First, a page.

The community welcomes people from all walks of life, regardless of faith or income. A new chapel was completed in 2019. Christy Heinen, Saint Francis’ development director, recalled, “Last year, a new resident commented on how happy she was when someone invited her to Mass during her first week here. She had not attended Mass in five years due to lack of access, and now she treasures the opportunity.”

Community support

Saint Francis – Manchester relies heavily on fundraising and partnerships. The average cost of care is $4,100 per month per resident. Most of the residents use a government subsidy through the State of Virginia Auxiliary Grant, which currently pays $1,680 per month per resident, resulting in a funding gap of $2,320.

Saint Francis – Manchester has partnered with many charitable organizations, churches and other groups over the years.

Holy Rosary, Richmond, visits every Monday to pray the rosary with residents; St. Gabriel, Chesterfield, delivers Christmas gifts; Cathedral of the Sacred Heart, Richmond, rebuilt the community garden; the St. Mary’s, Henrico, youth group built and donated patio furniture; Catholic Heart Work Camp offers cleaning, maintenance, and repair services.

Powerback Rehab offers onsite physical, occupational and speech therapy to residents. Cycling Without Age enables residents to go on a weekly bike ride around the neighborhood. Bicycle “pilots,” many of whom are members of St. Edward the Confessor, Richmond, pedal while residents sit in an attached cart and enjoy the outdoors.

One of Saint Francis’ main partnerships is with Thrifty Sisters, a thrift shop in Richmond. “After meeting and touring their facility, we knew immediately we wanted to partner with them in serving our senior community,” said Gerard Shaia, Thrifty Sisters’ board president.

Thrifty Sisters donates its profits directly to Saint Francis – Manchester. In addition to financial assistance, the shop also donates books for the library, art for the walls, and clothes for the residents. Slough called the partnership a “godsend” that has greatly helped fulfill Saint Francis’ mission.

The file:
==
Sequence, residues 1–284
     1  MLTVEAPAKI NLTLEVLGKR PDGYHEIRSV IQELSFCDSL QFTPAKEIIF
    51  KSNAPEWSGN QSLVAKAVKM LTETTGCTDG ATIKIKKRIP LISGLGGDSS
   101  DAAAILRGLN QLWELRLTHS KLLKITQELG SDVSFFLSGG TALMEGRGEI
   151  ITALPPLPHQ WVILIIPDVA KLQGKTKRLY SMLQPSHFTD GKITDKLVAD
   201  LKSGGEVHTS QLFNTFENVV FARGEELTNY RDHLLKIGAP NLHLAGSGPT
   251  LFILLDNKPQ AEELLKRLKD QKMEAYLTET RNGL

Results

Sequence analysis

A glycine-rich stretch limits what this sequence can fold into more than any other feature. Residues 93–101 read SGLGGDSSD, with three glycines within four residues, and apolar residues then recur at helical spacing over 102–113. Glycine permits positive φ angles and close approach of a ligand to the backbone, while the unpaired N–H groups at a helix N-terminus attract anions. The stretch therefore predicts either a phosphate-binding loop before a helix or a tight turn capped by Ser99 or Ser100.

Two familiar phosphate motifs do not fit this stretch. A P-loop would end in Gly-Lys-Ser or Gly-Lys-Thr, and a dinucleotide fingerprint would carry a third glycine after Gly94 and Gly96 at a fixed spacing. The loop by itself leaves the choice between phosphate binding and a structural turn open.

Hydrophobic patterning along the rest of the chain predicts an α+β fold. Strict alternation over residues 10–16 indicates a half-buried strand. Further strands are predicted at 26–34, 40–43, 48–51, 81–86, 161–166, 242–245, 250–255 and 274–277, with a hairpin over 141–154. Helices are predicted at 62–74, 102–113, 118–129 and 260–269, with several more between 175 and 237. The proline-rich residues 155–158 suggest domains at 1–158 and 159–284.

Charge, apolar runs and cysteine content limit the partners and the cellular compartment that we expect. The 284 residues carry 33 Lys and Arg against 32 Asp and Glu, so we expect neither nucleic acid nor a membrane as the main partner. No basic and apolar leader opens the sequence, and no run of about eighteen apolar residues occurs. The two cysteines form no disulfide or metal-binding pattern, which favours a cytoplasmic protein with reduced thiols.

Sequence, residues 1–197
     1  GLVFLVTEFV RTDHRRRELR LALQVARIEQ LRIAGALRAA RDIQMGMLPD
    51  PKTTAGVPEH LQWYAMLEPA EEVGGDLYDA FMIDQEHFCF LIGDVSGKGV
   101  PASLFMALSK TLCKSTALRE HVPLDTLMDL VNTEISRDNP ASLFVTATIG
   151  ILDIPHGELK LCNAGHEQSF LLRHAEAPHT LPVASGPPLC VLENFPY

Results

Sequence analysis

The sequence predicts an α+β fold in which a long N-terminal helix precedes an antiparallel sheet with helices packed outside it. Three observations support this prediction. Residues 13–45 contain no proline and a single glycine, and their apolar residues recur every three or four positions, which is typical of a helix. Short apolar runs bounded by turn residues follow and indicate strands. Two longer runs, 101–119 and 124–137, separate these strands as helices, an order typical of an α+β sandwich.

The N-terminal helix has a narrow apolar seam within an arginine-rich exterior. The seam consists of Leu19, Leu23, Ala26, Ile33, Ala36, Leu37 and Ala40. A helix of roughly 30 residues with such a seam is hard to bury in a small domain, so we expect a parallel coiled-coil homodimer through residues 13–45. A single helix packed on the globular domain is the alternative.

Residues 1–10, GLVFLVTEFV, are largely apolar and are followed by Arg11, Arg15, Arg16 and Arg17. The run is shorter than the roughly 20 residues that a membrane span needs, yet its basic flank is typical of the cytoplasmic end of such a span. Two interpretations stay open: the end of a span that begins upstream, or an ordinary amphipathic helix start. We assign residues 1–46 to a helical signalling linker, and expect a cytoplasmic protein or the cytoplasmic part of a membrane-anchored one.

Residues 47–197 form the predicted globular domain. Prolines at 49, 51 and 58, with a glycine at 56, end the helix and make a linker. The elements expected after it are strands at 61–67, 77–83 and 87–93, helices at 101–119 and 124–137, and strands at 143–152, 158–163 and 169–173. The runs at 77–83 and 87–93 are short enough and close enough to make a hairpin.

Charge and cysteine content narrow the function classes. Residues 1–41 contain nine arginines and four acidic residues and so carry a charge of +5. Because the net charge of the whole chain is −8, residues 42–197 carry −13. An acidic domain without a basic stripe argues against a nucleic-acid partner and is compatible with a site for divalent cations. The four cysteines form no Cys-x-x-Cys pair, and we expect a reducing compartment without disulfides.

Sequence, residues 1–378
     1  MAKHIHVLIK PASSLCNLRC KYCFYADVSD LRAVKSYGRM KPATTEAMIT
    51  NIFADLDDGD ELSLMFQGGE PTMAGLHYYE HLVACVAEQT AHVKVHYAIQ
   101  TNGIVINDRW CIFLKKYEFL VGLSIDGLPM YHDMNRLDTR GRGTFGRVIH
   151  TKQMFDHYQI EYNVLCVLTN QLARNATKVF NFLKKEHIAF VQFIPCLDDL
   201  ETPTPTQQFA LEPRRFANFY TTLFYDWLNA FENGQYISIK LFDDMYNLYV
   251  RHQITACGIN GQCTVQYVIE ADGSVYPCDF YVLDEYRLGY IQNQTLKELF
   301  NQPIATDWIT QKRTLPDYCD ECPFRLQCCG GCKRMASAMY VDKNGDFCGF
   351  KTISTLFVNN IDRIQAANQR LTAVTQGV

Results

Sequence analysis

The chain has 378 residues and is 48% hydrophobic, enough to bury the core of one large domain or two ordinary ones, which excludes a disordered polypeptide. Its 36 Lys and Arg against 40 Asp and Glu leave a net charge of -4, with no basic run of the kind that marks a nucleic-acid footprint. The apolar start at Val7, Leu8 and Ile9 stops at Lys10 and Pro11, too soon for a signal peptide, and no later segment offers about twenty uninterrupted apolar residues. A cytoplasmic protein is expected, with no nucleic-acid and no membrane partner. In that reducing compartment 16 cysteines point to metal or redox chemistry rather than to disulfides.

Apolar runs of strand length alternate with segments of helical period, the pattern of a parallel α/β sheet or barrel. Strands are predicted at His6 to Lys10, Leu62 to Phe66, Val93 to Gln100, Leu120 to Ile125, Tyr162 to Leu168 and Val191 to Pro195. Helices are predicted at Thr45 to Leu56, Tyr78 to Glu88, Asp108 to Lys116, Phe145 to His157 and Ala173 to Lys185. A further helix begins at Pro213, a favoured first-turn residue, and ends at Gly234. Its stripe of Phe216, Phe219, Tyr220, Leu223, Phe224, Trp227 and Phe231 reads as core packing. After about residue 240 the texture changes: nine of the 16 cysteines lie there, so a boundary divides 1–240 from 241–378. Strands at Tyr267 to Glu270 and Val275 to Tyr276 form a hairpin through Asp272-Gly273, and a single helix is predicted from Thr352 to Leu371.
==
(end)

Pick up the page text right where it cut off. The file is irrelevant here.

Another vital partnership is with FeedMore, a local organization dedicated to stopping hunger in Central Virginia. It serves tens of thousands of people in the area, including residents of Saint Francis – Manchester.

“We receive about 30,000 pounds of food a month, which has radically affected our budget and food service program,” Slough explained. “Our residents eat extremely well at a relative fraction of the cost it would without this partnership.”

COVID was one of the biggest obstacles Saint Francis – Manchester had to overcome. During the height of the pandemic, Saint Francis’ entire kitchen staff was diagnosed with COVID, FeedMore wasn’t able to provide as much food, and the residents were grappling with the emotional effects of being quarantined.Heinen recalled “witnessing the incredible outpouring of support from the Richmond community during COVID and being so incredibly proud and awed by the staff.”

“They pulled together, not only to take care of the residents and keep them safe, but also to make sure they knew they were loved and still had some sense of connection even though they were in isolation,” she added.

“Our staff was stretched beyond all reasonable expectations, though they responded heroically!” said Slough.

Golden jubilee

Volunteers from some of Saint Francis’ community partners were on hand at the jubilee celebration to serve hot dogs and ice cream, set up tables and chairs, and help out in other ways.

Sacred Heart’s bilingual chorus was chosen to perform because it is based in Manchester. Sacred Heart’s pastor, Father Shay Auerbach, is on Saint Francis – Manchester’s board, and Father Don Ward serves as Saint Francis – Manchester’s chaplain.

The One Voice choir, which also performed, is a diverse group of singers, much like the residents of Saint Francis.

After their performances, Slough reflected, “I like to think that’s what heaven sounds like – a choir of angels.”